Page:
My love affair with marching bands started when I was a child.  My parents put me in majorette lessons when I was in 4th or 5th grade. Of course, as you know, majorettes don’t just bebop down the street twirling their batons sans music. No, they are part of a band … a marching band.  Now back in my day, there was THE high school band and the 7th & 8th grade – junior high- band, when it came to bands that marched in local parades and such.  I did the ‘twirling’ gig with several other girls for a year or two but it really didn’t do a lot for me.  What DID set my pants on fire, though, was being up close and personal with the band … especially the percussion section.  The booming bass and the precision and ‘snap’ of those snare drums and the seemingly effortless “machismo” of the male drummers just made me feel alive like nothing else.  I can still remember vividly, marching a few rows behind Patty (Wendling) Shannon, her dark braids swaying, and thinking how very cool she looked playing her snare….and how cool it would be to do the same myself.  Also, unbeknownst to anyone on the planet up to this very moment, I had a secret schoolgirl crush on Danny Robinson because he too seemed to master that wonderful instrument with a self-assured cockiness that caught the eye of my shy, mild-mannered self.  At this point, they were in the high school band and I wasn’t even in the junior high band quite yet.  But the spark landed and lit and the flame has only grown brighter over the years.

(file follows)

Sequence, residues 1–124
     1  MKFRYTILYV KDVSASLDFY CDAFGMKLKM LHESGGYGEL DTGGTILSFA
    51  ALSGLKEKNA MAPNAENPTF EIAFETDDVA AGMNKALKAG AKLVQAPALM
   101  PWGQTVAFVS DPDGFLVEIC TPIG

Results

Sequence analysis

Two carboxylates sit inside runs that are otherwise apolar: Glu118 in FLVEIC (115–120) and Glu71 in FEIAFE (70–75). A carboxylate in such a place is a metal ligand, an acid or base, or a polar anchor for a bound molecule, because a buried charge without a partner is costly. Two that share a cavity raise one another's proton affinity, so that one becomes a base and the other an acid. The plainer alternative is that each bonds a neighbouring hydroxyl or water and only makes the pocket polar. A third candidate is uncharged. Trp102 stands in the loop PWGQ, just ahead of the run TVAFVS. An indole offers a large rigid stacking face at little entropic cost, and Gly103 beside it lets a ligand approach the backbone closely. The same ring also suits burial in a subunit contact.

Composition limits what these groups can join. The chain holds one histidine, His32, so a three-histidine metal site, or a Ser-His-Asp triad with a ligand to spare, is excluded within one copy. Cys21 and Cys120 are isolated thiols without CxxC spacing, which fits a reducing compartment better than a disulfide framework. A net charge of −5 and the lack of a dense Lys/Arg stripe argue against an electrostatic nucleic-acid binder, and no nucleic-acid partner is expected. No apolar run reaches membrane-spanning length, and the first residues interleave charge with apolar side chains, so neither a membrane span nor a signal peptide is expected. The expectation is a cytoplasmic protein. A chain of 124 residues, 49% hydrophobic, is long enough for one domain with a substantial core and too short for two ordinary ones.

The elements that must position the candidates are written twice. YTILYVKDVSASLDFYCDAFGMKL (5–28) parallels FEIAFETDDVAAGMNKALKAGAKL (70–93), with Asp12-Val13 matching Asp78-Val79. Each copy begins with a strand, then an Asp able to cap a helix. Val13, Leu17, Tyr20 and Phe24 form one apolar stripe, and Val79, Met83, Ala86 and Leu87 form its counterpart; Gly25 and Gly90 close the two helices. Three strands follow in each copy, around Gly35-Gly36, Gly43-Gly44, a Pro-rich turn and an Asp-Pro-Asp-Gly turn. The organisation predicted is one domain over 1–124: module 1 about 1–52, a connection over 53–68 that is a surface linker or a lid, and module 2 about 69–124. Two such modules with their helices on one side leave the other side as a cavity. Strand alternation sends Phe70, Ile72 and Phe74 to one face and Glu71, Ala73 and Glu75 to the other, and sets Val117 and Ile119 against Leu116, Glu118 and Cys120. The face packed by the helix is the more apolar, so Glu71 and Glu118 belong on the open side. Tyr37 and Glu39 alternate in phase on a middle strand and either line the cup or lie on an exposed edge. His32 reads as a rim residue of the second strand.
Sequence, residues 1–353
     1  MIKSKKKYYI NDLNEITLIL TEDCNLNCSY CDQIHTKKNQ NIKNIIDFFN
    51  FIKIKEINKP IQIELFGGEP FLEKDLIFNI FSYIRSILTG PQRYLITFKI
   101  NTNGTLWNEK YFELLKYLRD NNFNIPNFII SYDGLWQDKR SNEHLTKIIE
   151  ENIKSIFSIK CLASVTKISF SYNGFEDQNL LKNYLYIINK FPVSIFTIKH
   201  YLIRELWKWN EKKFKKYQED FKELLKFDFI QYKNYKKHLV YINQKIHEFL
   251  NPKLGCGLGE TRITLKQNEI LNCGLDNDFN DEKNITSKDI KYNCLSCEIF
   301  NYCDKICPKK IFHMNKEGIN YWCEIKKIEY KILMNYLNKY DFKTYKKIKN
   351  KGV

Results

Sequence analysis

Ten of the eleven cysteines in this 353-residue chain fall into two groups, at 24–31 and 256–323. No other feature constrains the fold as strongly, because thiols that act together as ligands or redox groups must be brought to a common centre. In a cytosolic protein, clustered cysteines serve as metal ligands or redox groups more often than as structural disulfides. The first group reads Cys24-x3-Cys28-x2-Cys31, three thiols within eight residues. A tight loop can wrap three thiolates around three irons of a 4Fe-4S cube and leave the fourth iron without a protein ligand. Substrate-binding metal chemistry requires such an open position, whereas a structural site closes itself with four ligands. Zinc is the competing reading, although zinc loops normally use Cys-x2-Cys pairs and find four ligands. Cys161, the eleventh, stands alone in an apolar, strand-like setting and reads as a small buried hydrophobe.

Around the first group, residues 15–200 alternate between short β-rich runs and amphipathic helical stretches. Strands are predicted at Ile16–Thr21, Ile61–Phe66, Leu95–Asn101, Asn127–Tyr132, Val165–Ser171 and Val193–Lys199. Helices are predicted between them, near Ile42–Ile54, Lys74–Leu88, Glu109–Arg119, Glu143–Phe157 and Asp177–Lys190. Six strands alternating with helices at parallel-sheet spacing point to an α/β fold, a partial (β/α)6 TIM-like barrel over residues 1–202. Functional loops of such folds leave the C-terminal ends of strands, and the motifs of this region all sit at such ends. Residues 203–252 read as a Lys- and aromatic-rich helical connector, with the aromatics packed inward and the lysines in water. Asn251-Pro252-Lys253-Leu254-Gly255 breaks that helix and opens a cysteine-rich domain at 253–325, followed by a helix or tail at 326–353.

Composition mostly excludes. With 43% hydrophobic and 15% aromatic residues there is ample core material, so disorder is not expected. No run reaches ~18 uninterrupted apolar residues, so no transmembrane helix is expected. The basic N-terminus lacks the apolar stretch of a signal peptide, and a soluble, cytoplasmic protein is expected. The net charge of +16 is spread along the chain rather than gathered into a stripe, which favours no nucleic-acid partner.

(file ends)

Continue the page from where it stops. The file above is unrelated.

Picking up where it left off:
Once kids get into high school, they often fall into a particular group or ‘clique’ … you know, the “hoods”, as we called them, the “jocks”, the “popular” kids; usually composed of the jocks and cheerleaders, the “academic or smart” kids, the band geeks, etc. etc.  I was a ‘combo’ kid … I ‘rode the fence’ between groups because I was very academic, placing 9th out of 135 in the GPA standings but I was not outgoing and did not possess the financial resources or wardrobe of the “popular kids”.  The group I did fit into, however, lock stock & barrel, was the “band geeks” and that is where I “lived” throughout high school.

I have so many fond memories of marching out onto a football field to the rhythm of our drum cadence in the crisp fall air and feeling such excitement and pride as the crowd cheered enthusiastically after each song we performed.  Similarly, there is nothing quite like being all ‘duded’ up in your uniform and marching in a parade. It’s exhilarating!